Huelo vacation rental owner Guy Fisher said that in October he and his partner were given two weeks to close down business and remove their Web site.

"Can you imagine how we felt?" he said. "Our business was already suffering after 9/11. We were barely making it, and we had many future reservations we needed to honor."

Growing issue

Home-based vacation rentals, many with absentee owners, and owner-operated bed-and-breakfasts have become an increasingly popular alternative to hotels.

Three years ago, a Maui County Council committee looking into why so few establishments had applied for permits under the county's new bed-and-breakfast law asked the Planning Department to determine the economic scope of the business.

Min said an Internet search discovered scores of vacation rentals from Lahaina to Hana and Moloka'i to Lana'i. Letters were sent to owners suspected of being in violation of the law. It soon it became apparent the industry was much larger than anyone thought, Min said.

Council Member Alan Arakawa and others have accused the Apana administration of going out of its way to conduct a mass enforcement campaign against vacation rentals, but Min claims that has never been the case. In the last two years, he said, only about 70 complaints against vacation rentals have been investigated.

"That is hardly a sweeping enforcement, when one considers that there may be several hundred unpermitted B&Bs and several thousand unpermitted short-term vacation rentals."

David Dantes, a vacation rental operator in Ha'iku and vice president of the Maui Vacation Rental Association, said he was contacted in October by a county zoning inspector who found his advertisement on the Internet and warned him that he needed special permits or he would have to close.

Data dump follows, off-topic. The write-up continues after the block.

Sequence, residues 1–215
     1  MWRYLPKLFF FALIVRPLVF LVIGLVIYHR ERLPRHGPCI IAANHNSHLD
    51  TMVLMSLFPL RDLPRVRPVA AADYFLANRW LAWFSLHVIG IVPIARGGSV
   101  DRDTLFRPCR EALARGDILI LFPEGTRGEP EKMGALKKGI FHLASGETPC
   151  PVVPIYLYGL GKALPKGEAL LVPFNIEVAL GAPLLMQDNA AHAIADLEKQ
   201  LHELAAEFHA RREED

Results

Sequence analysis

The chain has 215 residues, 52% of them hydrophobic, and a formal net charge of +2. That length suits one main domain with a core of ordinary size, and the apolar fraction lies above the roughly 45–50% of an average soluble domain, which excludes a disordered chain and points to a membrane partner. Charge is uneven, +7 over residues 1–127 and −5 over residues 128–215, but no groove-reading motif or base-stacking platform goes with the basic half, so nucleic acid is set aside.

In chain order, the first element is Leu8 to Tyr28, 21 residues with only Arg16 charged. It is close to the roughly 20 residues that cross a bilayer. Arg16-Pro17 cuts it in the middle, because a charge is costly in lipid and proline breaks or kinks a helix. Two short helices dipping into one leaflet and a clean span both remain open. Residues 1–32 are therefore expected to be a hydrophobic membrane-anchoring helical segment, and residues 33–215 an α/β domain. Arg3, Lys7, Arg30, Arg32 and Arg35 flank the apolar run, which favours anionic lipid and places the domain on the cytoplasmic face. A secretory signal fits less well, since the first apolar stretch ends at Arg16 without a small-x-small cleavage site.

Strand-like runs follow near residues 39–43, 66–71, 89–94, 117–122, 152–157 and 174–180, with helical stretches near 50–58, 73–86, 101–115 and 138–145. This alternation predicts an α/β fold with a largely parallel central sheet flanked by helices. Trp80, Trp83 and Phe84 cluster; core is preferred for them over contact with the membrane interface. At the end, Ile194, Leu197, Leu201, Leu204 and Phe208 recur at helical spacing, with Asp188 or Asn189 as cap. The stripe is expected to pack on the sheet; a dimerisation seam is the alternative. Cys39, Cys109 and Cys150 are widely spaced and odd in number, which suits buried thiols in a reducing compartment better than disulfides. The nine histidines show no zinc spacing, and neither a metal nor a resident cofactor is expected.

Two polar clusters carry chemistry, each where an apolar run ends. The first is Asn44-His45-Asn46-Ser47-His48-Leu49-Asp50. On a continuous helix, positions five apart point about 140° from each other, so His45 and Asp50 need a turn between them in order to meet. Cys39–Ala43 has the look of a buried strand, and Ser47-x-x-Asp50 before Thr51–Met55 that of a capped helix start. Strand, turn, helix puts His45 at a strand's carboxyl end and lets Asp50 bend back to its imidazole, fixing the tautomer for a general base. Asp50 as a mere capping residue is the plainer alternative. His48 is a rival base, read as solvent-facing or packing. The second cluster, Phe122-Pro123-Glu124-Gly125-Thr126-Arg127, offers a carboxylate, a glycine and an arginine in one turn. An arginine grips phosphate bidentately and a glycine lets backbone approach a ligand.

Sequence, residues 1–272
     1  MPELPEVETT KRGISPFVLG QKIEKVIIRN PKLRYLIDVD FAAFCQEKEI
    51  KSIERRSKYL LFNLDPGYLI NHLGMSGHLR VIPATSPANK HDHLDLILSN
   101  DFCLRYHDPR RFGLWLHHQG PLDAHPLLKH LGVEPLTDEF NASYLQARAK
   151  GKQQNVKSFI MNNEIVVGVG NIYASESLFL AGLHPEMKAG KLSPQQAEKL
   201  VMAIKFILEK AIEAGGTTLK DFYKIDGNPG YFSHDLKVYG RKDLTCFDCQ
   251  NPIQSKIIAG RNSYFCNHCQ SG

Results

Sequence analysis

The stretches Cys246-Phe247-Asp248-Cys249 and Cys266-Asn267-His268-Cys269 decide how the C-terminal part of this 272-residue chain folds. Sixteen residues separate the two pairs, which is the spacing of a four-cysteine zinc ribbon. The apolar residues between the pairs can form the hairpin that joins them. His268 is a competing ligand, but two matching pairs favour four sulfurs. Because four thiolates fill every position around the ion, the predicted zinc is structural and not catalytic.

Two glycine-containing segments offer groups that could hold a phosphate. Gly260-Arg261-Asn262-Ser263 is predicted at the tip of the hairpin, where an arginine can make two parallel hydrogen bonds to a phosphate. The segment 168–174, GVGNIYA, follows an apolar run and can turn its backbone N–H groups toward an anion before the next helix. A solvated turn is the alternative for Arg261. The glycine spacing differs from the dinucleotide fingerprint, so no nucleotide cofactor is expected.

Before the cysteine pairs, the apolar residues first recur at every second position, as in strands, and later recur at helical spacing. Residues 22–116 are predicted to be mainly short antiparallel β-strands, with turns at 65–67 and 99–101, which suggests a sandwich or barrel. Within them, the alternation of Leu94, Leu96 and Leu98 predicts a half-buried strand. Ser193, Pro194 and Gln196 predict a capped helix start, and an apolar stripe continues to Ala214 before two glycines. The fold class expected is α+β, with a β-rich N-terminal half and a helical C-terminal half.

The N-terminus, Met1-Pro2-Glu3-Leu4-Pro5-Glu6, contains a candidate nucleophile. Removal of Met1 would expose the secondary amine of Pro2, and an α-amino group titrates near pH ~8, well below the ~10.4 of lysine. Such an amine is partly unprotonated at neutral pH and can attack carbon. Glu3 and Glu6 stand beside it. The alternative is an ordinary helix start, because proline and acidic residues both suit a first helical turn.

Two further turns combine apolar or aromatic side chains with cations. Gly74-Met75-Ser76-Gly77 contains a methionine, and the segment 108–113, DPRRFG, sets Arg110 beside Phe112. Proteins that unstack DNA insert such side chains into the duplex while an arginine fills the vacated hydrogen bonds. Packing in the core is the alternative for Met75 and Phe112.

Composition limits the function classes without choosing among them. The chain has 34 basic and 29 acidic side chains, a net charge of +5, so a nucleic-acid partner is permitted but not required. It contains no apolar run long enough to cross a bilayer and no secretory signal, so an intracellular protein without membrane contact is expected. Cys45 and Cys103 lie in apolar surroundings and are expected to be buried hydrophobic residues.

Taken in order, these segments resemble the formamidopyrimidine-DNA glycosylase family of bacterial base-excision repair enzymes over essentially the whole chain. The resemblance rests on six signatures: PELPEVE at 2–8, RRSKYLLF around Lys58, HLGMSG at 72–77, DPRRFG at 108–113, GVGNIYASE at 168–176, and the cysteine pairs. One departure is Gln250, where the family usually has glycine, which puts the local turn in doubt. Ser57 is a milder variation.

Dantes began the process of applying. "I found out I would have to have the same standards as the Grand Wailea Resort," he said.

Since his home is not in an urban district, he is required to have a state special-use permit for non-agricultural use and a county conditional-use permit to use an 'ohana unit for short-term rentals.

It took him a month to prepare his permit application, which included such things as scale maps of the property and others within 500 feet, soil classification and a topographical survey.

He said the application process could take a year to complete and cost thousands of dollars, and the permit is good only for a year.

A former physician, Dantes said vacation rental owners are being targeted in part because of misunderstanding about who they are.

"There's a myth that vacation rental owners are wealthy, live on the Atlantic seaboard, rape the land, don't pay taxes and don't give a damn about Maui," Dantes said. "The truth is, most work two jobs. They welcome strangers in the home with a spirit of aloha because that's what they want to do."

The owners say they are providing a needed service to visitors who would not stay in a hotel, such as windsurfers who come to Maui to stay on the north shore.

The Maui Vacation Rental Association has submitted a proposal that would legalize the rentals with annual registration.

Min said the proposal will be considered along with other options, such as what was done in the city and county of Honolulu in the late 1980s: legalize existing operations and put restrictions on new ones.

Reach Timothy Hurley at thurley@honoluluadvertiser.com or (808) 244-4880.